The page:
Property rights are fundamental. If the investment of labor, an economic decision that benefits the whole nation, is to be encouraged, ownership must be protected. Even the Eighth Commandment, “Thou shall not steal,” presumes ownership and property rights.
The litmus test for the presence of property rights, in the words of Supreme Court justice Oliver Wendell Holmes, is whether a property owner has the right “to use and dispose of his property as he sees fit” even if that means he is being “irrational, arbitrary, capricious, even unjust.”
Property rights allow owners to do whatever they see fit so long as it doesn’t infringe on the rights of others. But if each person is to have the right to enjoy their own land, then laws must protect those rights. Nuisance and trespassing laws protect your peace and privacy. Easements grant you a way on and off your land. Other laws enable you to drain your land of water or to get water onto your land.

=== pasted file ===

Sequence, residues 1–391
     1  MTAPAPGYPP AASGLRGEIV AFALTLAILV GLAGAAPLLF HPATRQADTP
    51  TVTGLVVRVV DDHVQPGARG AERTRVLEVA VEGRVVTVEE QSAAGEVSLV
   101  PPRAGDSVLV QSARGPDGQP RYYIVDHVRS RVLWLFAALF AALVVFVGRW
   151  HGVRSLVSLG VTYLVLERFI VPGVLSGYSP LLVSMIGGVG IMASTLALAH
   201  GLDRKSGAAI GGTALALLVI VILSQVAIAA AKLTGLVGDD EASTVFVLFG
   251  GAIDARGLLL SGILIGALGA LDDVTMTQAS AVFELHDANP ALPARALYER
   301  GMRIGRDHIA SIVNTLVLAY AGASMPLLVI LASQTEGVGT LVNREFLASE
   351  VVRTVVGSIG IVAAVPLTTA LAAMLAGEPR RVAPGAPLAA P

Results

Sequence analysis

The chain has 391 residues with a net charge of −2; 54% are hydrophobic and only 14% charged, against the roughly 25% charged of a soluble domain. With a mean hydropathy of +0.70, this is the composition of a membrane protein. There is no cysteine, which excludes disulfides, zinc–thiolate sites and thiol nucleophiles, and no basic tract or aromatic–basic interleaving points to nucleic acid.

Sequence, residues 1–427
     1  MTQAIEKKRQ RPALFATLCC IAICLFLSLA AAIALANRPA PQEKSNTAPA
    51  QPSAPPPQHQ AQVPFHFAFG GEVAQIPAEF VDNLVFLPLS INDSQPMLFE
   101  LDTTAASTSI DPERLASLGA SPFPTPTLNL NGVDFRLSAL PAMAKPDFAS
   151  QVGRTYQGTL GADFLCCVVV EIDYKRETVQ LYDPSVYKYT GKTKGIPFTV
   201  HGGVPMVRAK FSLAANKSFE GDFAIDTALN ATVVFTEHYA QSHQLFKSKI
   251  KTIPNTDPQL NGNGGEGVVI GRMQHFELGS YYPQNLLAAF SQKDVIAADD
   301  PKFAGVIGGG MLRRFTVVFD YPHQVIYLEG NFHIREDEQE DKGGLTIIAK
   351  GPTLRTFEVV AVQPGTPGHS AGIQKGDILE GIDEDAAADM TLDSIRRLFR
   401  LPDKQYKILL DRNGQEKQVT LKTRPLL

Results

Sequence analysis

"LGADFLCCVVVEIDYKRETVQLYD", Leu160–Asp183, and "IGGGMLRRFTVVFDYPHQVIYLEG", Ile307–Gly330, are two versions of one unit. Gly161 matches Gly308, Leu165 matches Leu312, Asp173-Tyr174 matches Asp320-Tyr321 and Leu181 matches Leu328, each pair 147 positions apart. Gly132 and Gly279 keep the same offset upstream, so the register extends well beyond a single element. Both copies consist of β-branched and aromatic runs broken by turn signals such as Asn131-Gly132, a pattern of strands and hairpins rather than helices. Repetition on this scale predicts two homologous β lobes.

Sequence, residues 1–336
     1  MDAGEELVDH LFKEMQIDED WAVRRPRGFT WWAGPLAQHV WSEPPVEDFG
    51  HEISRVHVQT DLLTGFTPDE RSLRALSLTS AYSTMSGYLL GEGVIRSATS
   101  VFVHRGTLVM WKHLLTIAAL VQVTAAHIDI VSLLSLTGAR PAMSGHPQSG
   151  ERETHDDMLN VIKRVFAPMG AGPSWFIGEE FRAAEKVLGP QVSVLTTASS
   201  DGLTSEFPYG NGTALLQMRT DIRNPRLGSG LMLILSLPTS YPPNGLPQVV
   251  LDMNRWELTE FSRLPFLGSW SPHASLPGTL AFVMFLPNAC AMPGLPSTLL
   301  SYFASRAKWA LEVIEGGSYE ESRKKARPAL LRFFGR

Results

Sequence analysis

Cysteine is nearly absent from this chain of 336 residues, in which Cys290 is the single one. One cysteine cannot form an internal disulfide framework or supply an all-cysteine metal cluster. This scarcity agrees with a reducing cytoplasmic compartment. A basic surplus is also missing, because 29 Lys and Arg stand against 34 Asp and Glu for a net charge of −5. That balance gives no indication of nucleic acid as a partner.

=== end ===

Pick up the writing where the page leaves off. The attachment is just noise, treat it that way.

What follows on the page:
These laws do not curtail property rights. Rather they protect the rights of property owners to live in peace undisturbed by their neighbors. These protections of property rights can get very complex. This is why restrictions exist on what you can do near the boundaries of your property, easements to allow access and noise ordinances.
This is not to say that private landowners cannot also exercise collective self-control. History is filled with examples of private associations and agreements to act collectively for the common good. These agreements often required a supermajority (frequently, 7 of 8) of neighboring landowners acting together.
Today, government control has replaced common consent. And this control is capriciously influenced by a political process that turns on a slim 51% majority. Libertarians are correct that much common good could be accomplished by voluntary association without the heavy hand of corruptible politicians.